Federal Response to Auditor General Report Not Enough to Secure Safe Water for First Nations
THUNDER BAY, ON: Nishnawbe Aski Nation (NAN) Grand Chief Alvin Fiddler says the Government of Canada’s response to yesterday’s report by the Auditor General of Canada falls shorts of the specific commitments needed to ensure that safe drinking water is available in First Nations communities:
“The Auditor General has confirmed what we have been saying for years – that Indigenous Services Canada has failed to provide the necessary support to ensure that First Nations communities have access to safe drinking water. We acknowledge that Minister Miller has reaffirmed Canada’s commitment to resolving these issues, but statements committing to funding operation and maintenance costs at 100 per cent are misleading.
The federal government’s method for calculating operation and maintenance costs for water and wastewater systems does not meet the true costs for our communities. Our own research places federal funding at less than 50 per cent of the actual costs for many of our communities.
The government’s plans for funding and resources are vague, open-ended goals without firm timelines or accountability. If Canada is truly committed to ending the ongoing water crisis, they need to establish new, clear policies to ensure that funding structures for new plants, upgrades, and operation and maintenance truly meet the needs of our communities.”
The current Indigenous Services Canada Cost Reference Manual is an outdated document which does not capture the true costs of operating and maintaining water and wastewater infrastructure in First Nations communities. In Section 3.75 the Auditor General’s report states:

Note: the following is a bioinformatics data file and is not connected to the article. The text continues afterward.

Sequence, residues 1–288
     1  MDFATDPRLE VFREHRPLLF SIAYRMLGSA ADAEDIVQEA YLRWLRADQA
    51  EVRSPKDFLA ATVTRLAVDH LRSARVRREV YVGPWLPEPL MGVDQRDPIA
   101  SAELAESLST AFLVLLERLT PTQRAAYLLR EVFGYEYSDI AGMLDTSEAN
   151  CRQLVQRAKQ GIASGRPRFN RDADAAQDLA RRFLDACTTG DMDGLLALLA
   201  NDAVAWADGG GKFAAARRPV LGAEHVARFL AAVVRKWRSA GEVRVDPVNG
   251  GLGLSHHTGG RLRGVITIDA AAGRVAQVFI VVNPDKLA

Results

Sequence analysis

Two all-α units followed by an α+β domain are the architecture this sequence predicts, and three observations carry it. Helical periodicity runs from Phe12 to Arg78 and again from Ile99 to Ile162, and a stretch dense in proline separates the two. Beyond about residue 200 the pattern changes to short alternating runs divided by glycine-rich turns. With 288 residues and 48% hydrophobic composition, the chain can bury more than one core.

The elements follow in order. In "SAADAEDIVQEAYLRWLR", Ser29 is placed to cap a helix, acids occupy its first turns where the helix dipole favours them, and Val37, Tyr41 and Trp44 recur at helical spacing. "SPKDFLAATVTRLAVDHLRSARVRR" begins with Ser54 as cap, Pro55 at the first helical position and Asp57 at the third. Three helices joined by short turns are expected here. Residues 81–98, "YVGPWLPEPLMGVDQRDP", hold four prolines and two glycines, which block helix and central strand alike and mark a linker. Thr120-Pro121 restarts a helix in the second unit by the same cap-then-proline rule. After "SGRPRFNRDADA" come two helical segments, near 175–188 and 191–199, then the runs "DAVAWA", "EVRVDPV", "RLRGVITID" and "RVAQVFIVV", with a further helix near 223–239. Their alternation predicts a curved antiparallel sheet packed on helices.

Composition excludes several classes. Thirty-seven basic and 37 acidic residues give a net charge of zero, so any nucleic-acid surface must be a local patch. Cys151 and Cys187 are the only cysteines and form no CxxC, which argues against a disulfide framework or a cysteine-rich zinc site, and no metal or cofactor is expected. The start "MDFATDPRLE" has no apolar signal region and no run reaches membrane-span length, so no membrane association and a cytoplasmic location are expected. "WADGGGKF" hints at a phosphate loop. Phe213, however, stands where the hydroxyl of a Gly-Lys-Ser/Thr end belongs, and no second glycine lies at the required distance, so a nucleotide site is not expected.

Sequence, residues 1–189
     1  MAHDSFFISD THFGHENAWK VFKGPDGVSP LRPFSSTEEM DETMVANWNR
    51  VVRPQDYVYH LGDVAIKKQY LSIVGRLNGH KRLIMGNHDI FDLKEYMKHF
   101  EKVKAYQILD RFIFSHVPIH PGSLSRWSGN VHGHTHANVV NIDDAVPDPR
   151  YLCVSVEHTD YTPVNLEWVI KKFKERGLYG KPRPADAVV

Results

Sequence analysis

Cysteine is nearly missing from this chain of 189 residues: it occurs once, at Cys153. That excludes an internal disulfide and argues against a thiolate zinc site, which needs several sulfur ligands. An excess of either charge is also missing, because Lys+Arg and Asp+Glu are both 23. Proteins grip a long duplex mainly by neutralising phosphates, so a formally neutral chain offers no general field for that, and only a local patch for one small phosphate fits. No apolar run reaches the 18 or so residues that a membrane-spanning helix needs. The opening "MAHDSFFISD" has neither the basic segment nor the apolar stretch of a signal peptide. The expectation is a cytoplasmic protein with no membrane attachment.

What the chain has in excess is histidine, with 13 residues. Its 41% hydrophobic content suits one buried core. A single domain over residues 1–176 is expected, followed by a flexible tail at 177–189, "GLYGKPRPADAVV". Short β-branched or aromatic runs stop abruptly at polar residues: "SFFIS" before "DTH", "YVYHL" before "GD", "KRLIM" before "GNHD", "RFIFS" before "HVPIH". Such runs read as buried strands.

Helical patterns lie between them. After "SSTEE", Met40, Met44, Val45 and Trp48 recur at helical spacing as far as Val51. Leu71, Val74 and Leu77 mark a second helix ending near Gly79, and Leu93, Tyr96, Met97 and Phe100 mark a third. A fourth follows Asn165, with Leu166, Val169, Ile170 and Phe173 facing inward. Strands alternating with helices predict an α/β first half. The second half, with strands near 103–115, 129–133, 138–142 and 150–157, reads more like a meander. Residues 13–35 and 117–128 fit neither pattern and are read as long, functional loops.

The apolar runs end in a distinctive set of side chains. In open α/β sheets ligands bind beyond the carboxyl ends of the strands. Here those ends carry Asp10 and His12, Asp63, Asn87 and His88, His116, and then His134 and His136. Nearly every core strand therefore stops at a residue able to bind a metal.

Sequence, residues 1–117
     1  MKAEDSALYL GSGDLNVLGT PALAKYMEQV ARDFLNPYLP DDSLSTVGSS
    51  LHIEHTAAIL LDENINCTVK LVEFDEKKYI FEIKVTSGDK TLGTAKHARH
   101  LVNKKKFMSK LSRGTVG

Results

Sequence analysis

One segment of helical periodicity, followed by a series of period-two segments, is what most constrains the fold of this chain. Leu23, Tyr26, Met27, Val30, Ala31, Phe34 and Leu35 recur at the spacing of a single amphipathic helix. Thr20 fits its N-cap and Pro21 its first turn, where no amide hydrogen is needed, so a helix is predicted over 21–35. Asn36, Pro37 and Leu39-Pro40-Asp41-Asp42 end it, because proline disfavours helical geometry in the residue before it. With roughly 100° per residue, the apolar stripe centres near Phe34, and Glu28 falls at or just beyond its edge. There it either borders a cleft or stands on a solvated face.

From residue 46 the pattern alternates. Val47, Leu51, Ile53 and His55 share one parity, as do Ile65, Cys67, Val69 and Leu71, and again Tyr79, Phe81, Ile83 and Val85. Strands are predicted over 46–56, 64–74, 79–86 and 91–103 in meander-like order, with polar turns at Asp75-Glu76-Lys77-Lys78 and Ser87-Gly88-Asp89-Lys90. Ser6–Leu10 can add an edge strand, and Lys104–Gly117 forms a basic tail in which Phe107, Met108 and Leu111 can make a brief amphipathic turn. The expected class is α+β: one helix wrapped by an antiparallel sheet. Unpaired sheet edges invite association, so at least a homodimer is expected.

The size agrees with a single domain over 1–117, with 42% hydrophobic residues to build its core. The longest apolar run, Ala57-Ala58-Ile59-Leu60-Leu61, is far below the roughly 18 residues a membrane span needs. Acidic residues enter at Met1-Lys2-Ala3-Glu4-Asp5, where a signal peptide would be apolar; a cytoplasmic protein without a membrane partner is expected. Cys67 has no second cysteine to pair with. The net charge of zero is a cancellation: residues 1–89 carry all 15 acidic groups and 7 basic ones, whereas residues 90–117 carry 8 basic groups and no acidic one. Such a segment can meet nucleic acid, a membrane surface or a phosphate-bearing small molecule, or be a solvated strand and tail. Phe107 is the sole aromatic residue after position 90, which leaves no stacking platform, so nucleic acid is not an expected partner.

“Given that the department had not updated its operations and maintenance funding policy or updated the formula used to calculate operations and maintenance costs, it was unclear whether the announced funding increases would be sufficient to allow First Nations to operate and maintain their water infrastructure.”
The lack of sufficient operation and maintenance funding is one of the main causes of water problems. Even with the Minister’s commitment that funding will be provided at 100 per cent, the current funding formula is severely flawed and operation and maintenance will remain significantly underfunded. Without a commitment to examining and updating the cost reference formula for assessing costs, an endless cycle of breakdowns and service disruptions will continue.
The design and construction of water treatment and distribution systems in remote First Nations presents unique challenges, and operation and maintenance funding are severely inadequate under current federal formulas. NAN’s 2018 Education Infrastructure Needs Assessment found that current funding levels only covers approximately 44 per cent of the actual costs of properly operating and maintaining infrastructure in NAN communities.
In December 2020, the Government of Canada abandoned its commitment to eliminate all long-term drinking water advisories in First Nations by March 2021.
The Auditor General’s report, Access to Safe Drinking Water in First Nations Communities – Indigenous Services Canada, can be found here: https://www.oag-bvg.gc.ca/internet/English/parl_oag_202102_03_e_43749.html
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